By Lucy Ashton
Chronic obstructive pulmonary disease affects approximately 120,000 in Scotland and is the second most common reason for emergency hospital admissions.
To mark World COPD Day, we are looking at how innovation is helping patients across NHS Greater Glasgow and Clyde manage their symptoms and improve the treatment of COPD.
Since May 2020, NHS GGC patients with COPD have been given the opportunity to monitor their symptoms at home by registering to use the NHSGGC COPD Digital Service. Using their smartphones or other devices, patients have direct access to a range of self-management tools, as well as notifications for daily patient reported outcomes, enabling the clinical team to proactively monitor patients remotely.
It also enables patients to message their clinician and community respiratory response team in real-time, improving efficiency of daily care, particularly during Covid-19.
The Dynamic Scot project is a collaboration between NHS GCC, the West of Scotland Innovation Hub, Digital Health & Care Institute, Scottish Government and National Services Scotland and has already seen success in NHS GGC, with over 550 patients regularly using the service and roll-out planned for further boards. Results have shown a marked decrease in the number of hospital admissions and attendances, as well as improved efficiencies for the clinical service.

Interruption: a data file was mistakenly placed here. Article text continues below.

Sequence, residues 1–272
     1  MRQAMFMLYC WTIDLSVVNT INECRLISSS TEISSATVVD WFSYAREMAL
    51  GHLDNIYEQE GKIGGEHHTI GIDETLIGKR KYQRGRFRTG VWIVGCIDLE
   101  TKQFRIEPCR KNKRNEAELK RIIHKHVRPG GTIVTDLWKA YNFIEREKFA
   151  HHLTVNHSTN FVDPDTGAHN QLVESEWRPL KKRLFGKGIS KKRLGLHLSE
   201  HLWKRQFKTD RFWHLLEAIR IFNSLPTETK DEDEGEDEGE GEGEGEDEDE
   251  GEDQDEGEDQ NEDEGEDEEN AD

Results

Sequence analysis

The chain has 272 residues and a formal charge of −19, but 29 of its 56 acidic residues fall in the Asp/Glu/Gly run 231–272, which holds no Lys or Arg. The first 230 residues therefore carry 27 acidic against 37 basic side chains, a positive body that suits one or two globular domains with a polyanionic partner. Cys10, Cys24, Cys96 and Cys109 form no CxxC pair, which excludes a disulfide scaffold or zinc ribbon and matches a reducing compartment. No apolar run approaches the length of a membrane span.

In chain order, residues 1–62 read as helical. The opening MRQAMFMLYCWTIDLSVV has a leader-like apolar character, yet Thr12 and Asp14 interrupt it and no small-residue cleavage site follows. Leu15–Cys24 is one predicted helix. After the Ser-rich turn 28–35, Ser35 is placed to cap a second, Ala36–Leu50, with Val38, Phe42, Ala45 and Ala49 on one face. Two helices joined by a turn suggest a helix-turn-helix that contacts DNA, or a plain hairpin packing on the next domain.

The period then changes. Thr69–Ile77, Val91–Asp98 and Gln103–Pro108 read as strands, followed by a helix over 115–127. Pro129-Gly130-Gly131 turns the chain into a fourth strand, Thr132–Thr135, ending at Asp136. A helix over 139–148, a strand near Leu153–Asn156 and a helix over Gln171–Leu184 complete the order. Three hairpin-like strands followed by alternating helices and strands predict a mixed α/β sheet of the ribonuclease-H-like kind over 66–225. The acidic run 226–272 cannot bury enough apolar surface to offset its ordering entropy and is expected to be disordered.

In July of this year there was more welcome news for the project, after it was awarded the Artificial Intelligence in Health and Care Award by the UK Government. This aims to accelerate the testing, evaluation and increase the impact of AI-driven technologies to help solve clinical and operational challenges across the NHS and care settings, allowing innovation to remain at the heart of improving COPD treatment in Scotland.
Dr Chris Carlin, Consultant Respiratory Physician, NHS Greater Glasgow and Clyde, said: “At the moment, NHS management of COPD is reactive. We’re aiming to predict what will happen with this condition so we can be much more proactive, without having to bring patients up and down from hospital.
“COPD is a global healthcare challenge and managing it has become even more challenging with the COVID-19 pandemic. The COPD digital service we’ve developed has helped reduce that pandemic impact, with a positive impact on patient care and outcomes. The Artificial Intelligence in Health and Care Award allows us to bring the exciting innovations – AI insights – that we’ve developed in the research environment through into clinical practice. The evaluations that this award will allow us to undertake will let us gather the evidence about how best to use these AI insights to support people with COPD and their clinical teams to co-manage their condition.”